October 4, 2010 I landed in Munich on my quest to look for the past in Saxony, previously known as East Germany. I traced the footsteps of Martin Luther in five hundred year old churches and other locations in Leipzig and Torgau. I also saw traces of Hitler and ghosts of the showers of British and American bombs; the fall of Hitler, fall of the Soviet Union and the Berlin Wall. Saxony is reborn as a vital historic district that welcomes you to come and learn, witness, and enjoy German hospitality. To learn more about tourism in Saxony, click here. I also visited Munich, Nuremberg, and Ansbach to retrace my father's steps as a photographer for his Army base at the end of World War II.
Skip to: a) Munich, b) Nuremberg, c) Ansbach, d) Dresden, e) Torgau, f) Leipzig.
Munich has a great public transportation system. I met a friend who took me all over the city by train, tram, subway, and bus. The glockenspiel and carillon above still work and the figures come out and dance every day at noon.
We ended our day at the Englischer Garten. The park includes Kleinhesseloher Lake, a two hundred year old manmade lake.
These photos show the old city of Nuremberg, which has a river running through its center. The city was a castle with most of the walls still intact.
The Dürer-Hotel is a museum hotel adjacent to the castle and Albrecht Dürer House. Dürer was a Renaissance painter and engraver (1471-1528), and the house dates back to approximately 1420. It has been a museum dedicated to Dürer's life and work since 1871.
Palace of Justice, Nuremberg Trials, next:
Room 600 in the Palace of Justice, where the Nuremberg Trials took place, is open to the public unless a trial is in session. The day I visited, court was in session. Later this year, they will open a visitor's center. My father was in the Army in Germany in 1945 and 1946, and took photos of the Trials for the Army. See photos, click here.
There is still a U.S. Army base in Ansbach, where they test helicopters. Ansbach is also the home of Rapunzel, more than just a health food store.
The Dresden waterfront, including marble buildings and historic paddlewheel steamboats. For info. on cruises, see saechsische-dampfschifffahrt.de.
Seen above is the beautifully restored Frauenkirche. The building was destroyed in Allied bombing in 1945 and sat in rubble until after reunification. It was reopened in 2005. The interior photo is by Koleen Hamblin with permission. (All other photos by Nori.)
This mural shows all the Saxon kings.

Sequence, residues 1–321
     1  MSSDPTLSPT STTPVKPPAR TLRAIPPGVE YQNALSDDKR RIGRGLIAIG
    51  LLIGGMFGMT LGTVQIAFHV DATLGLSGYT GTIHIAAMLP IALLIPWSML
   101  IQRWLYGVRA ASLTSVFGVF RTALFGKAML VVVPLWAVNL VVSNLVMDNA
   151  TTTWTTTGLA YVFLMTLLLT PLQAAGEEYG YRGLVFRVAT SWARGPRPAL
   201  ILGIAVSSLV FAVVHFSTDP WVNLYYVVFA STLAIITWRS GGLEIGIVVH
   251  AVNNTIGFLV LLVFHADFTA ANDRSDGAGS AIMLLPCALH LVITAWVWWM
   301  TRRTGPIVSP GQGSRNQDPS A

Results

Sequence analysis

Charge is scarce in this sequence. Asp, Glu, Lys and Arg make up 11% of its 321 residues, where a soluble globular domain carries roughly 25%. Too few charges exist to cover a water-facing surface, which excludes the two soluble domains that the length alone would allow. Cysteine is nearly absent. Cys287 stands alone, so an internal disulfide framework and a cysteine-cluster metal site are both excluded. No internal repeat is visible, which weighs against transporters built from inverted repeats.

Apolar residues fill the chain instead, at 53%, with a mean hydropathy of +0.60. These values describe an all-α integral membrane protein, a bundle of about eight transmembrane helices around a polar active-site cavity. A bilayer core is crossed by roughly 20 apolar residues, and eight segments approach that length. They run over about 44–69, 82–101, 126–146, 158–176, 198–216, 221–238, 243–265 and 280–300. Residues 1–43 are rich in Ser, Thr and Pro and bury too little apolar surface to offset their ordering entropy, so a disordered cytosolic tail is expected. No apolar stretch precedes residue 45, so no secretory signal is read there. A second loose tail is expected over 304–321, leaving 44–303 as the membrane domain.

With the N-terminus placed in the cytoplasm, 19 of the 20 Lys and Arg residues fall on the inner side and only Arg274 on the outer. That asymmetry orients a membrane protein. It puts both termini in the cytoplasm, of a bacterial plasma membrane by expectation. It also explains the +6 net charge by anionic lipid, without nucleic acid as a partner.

Martin Luther in the town plaza.
We saw Hartenfels Castle, which includes a chapel where Martin Luther preached, and a stunning circular staircase (seen above). The church pictured above is the spot where Luther's wife, Katharina, is buried. The photo above shows our group with our tour guides, just before eating a traditional lunch of stuffed crepes and German beer. One of our tour guides, seen at left with the white coat and tie, is Anja Bauermeister. He showed us all the Martin Luther sites and had personal stories to add about growing up in the turmoil of post-WWII Europe. He is the Manager of Tourism for Torgau. To find out more about Torgau, go to their official website, click here.
Nuremberg, Leipzig has a great farmer's market. The city is located at the cross roads of ancient trade routes, so the city has always been the site of tremendous trade fairs. Even today, the inner city is a series of shopping corridors. In ancient times, the retail shops were on the ground floor and the trade shows were on the upper levels.
These photos show the historic Restaurant Auerbachs Keller, with history going back to the days of Martin Luther and Faust.
Leipzig has public art everywhere. This statute symbolizes the German coward who kept his head down, put up the salute to the Nazis and the fist to the Communists. Our tour guide told us that people from Leipzig were not cowards, because they started the Peaceful Revolution of 1989. On October 9, 1989, seventy thousand people gathered in the streets of Leipzig after peace prayers in St. Nicholas Church. The demonstrators remained peaceful, carrying candles and chanting "we are the people." The spirit of empowerment spread across eastern Germany and within weeks after the demonstration, the Berlin Wall came down. East and West Germany were reunited.
The photos below are from our tour of the Leipzig Zoo.